by Firas Alkhateeb
6 April, 2013
Throughout Islamic history, one of the uniting aspects of the Muslim world was the caliphate. After the death of Prophet Muhammad ﷺ, his close companion, Abu Bakr, was elected as the first khalifah, or caliph, of the Muslim community. His job as leader combined political power over the Muslim state as well as spiritual guidance for Muslims. It became a hereditary position, occupied at first by the Umayyad family, and later by the Abbasids. In 1517, the caliphate was transferred to the Ottoman family, who ruled the largest and most powerful empire in the world in the 1500s.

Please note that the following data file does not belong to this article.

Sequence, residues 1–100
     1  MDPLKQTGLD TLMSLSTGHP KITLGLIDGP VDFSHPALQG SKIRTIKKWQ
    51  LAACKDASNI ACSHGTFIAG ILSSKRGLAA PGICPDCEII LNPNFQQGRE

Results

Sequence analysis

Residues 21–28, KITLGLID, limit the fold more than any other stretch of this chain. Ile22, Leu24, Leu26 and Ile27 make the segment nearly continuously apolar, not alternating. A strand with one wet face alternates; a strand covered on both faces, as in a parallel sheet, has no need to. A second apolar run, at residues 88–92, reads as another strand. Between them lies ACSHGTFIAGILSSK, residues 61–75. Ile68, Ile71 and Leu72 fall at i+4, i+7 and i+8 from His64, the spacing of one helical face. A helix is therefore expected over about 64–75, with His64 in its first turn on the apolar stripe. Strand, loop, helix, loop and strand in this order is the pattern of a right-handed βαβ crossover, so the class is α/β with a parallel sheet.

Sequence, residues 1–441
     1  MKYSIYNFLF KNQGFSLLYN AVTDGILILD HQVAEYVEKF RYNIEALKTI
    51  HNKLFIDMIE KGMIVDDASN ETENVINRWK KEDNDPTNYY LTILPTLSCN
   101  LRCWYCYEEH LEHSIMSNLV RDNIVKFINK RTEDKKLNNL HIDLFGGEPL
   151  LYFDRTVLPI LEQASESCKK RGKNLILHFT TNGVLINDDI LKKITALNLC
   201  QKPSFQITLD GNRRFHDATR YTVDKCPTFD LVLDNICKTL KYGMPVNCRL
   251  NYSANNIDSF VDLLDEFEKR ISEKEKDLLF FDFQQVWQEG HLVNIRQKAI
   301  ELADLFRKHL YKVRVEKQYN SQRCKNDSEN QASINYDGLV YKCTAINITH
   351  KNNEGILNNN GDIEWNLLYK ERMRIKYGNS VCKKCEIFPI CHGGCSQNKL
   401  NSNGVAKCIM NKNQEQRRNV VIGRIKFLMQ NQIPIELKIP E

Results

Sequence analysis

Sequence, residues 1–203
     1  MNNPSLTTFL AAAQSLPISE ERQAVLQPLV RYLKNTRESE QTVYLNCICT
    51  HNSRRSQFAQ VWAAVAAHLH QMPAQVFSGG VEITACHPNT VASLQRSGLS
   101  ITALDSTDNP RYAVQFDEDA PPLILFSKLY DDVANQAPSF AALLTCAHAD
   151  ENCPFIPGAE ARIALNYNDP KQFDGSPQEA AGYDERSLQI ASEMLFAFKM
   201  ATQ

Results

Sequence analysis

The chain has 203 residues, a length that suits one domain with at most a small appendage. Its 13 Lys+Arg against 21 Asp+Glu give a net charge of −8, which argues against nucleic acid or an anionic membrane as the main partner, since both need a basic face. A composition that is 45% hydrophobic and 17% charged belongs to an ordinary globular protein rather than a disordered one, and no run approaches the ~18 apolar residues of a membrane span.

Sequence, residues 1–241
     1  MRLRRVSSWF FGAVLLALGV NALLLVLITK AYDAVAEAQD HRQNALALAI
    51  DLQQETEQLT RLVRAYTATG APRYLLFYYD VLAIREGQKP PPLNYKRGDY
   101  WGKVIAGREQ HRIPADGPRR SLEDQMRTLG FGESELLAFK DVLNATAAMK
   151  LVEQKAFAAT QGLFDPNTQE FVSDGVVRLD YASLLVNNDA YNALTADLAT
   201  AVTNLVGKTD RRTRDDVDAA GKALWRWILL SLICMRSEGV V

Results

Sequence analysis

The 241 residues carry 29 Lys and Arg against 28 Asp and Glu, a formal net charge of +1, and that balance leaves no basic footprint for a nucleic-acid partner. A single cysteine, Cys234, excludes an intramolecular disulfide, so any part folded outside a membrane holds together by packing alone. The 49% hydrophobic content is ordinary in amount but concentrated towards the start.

For centuries, the Ottoman sultans did not place much emphasis on their role as caliphs. It was an official title that was called in to use when needed, but was mostly neglected. During the decline of the empire in the 1800s, however, a sultan came to…
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